# Can $U(\rho_1\otimes\rho_2)U^\dagger$ be entangled if either of $\rho_1$ or $\rho_2$ is a maximally mixed state?

Given two qubit states $$\rho_1$$ and $$\rho_2$$. By applying some unitary $$U$$ we get $$\rho = U(\rho_1 \otimes \rho_2)U^\dagger$$. Can $$\rho$$ be entangled if either of $$\rho_1$$ or $$\rho_2$$ is a maximally mixed state?

To see the equivalence, observe that if $$\rho_2=I/d$$ ($$d$$ is here the dimension of the space) then $$\rho=\frac1 d\sum_{k=1}^d U(\rho_1\otimes|k\rangle\langle k|)U^\dagger,$$ and if we don't put further restrictions on $$U$$ and $$\rho_1$$, then the only thing we know about $$U(\rho_1\otimes |k\rangle\langle k|)U^\dagger$$ is that they are orthogonal states (and if we are to hope the mixture is entangled, the states cannot be all separable).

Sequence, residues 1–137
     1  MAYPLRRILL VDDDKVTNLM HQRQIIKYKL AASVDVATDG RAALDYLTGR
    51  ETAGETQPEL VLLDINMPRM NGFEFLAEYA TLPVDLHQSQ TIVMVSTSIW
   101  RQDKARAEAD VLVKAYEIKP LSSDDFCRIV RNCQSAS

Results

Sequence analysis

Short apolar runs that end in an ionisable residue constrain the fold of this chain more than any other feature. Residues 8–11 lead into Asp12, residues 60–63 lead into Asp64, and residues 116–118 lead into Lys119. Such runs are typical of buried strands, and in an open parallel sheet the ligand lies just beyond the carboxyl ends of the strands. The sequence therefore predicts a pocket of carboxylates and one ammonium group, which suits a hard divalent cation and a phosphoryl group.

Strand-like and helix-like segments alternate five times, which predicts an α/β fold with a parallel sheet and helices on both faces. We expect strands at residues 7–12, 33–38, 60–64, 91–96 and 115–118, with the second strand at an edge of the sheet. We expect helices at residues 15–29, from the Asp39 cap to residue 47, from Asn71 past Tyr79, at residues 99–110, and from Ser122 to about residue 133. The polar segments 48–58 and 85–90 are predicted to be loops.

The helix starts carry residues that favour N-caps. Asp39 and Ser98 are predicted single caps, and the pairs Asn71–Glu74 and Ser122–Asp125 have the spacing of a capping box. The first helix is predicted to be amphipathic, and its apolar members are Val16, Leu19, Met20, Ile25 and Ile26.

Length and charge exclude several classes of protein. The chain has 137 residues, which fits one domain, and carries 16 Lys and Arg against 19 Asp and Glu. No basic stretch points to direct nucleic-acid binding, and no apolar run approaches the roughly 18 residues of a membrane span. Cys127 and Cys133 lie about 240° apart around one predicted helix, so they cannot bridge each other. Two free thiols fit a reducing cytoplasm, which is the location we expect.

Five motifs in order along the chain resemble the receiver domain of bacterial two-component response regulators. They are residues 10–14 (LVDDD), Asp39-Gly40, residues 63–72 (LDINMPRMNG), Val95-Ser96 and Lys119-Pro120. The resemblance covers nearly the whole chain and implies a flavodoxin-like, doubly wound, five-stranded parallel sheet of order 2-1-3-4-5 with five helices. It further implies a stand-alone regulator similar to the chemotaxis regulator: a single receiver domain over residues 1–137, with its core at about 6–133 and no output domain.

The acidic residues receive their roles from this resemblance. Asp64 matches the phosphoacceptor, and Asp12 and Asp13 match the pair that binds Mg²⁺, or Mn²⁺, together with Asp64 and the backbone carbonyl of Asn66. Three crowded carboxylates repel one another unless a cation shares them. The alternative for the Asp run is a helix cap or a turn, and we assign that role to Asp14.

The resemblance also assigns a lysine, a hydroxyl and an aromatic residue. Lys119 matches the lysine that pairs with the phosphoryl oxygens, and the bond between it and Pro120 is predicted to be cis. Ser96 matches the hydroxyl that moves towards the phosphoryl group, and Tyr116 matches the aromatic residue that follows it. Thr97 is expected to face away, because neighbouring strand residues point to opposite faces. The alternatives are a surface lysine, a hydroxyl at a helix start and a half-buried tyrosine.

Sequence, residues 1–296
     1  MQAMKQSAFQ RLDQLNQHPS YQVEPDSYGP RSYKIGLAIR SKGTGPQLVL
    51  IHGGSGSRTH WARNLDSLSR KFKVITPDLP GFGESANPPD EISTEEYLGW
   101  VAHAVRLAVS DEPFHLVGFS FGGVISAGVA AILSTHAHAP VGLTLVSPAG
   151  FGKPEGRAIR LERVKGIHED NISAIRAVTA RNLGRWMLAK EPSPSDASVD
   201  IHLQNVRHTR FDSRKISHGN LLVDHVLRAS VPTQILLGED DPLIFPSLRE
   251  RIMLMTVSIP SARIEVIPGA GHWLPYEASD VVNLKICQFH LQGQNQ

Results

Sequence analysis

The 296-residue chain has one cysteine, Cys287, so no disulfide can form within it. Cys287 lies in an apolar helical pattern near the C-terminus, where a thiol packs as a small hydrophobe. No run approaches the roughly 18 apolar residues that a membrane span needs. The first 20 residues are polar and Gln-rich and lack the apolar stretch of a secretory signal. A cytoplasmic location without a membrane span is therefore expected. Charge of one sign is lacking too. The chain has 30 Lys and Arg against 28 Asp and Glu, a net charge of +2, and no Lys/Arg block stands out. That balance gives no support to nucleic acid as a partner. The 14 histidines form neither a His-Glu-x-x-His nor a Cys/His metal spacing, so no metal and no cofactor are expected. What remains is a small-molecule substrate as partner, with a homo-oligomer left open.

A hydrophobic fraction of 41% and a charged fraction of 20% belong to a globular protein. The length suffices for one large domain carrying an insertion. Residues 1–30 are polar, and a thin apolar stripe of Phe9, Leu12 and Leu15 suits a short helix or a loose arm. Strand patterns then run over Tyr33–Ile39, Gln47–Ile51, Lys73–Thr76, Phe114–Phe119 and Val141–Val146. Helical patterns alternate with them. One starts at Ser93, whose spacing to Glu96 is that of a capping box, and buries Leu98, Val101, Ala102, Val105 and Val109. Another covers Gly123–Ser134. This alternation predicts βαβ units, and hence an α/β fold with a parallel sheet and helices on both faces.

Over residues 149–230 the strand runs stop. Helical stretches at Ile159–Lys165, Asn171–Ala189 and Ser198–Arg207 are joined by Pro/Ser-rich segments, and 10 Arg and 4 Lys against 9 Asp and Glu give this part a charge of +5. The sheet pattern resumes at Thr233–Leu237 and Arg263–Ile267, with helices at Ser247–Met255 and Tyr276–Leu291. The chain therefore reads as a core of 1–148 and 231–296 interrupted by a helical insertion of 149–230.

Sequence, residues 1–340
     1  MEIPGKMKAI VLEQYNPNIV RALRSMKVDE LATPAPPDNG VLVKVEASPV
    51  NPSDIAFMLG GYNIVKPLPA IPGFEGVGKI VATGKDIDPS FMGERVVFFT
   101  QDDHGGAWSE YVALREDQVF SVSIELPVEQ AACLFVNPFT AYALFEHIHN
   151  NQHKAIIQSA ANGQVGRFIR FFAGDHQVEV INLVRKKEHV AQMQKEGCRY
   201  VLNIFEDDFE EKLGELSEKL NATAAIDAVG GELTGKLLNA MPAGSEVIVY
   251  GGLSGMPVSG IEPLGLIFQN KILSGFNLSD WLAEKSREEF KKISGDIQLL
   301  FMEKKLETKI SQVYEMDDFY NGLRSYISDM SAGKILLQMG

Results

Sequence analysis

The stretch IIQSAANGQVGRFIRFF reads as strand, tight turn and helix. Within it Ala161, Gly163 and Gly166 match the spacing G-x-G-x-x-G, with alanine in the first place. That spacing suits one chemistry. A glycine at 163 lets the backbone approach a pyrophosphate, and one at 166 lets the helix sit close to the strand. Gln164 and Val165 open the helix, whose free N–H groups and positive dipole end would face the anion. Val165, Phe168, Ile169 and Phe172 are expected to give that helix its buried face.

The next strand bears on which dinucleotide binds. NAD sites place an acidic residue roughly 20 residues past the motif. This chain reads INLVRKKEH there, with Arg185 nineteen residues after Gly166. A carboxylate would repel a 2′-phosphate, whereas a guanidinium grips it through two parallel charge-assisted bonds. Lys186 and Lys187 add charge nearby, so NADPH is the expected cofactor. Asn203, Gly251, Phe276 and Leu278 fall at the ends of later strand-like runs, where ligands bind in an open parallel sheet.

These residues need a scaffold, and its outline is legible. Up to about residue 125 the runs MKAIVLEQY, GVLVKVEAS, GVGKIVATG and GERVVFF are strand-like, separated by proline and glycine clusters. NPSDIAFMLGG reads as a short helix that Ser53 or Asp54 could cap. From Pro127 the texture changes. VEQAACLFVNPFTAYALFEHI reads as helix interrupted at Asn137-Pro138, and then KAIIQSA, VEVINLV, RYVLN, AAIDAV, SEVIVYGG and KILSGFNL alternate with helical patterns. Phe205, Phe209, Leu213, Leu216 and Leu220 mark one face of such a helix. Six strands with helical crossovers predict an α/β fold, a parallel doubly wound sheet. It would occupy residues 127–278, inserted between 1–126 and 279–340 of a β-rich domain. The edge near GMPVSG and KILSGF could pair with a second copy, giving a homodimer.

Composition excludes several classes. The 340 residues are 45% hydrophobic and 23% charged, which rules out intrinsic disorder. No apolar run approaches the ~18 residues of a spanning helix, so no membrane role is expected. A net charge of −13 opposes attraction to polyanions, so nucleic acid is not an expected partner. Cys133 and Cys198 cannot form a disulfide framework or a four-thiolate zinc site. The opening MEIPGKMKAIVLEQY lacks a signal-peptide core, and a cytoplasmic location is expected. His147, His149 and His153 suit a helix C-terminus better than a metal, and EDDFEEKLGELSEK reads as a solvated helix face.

This is not the case. As a counterexample in the two-qubit scenario, consider $$\sqrt2|\Phi_+\rangle \equiv |00\rangle + |11\rangle, \qquad \sqrt3|\Psi\rangle \equiv |00\rangle + |10\rangle - |11\rangle.$$ You can then verify that $$(|\Phi_+\rangle\!\langle\Phi_+|+|\Psi\rangle\!\langle\Psi|)/2$$ is still entangled (using e.g. the PPT criterion).
Translated into the notation of the question, this example would correspond to $$\rho_1=|0\rangle\langle 0|$$ (or any other pure state), and $$U$$ such that $$U|0,0\rangle=|\Phi_+\rangle$$ and $$U|0,1\rangle=|\Psi\rangle$$.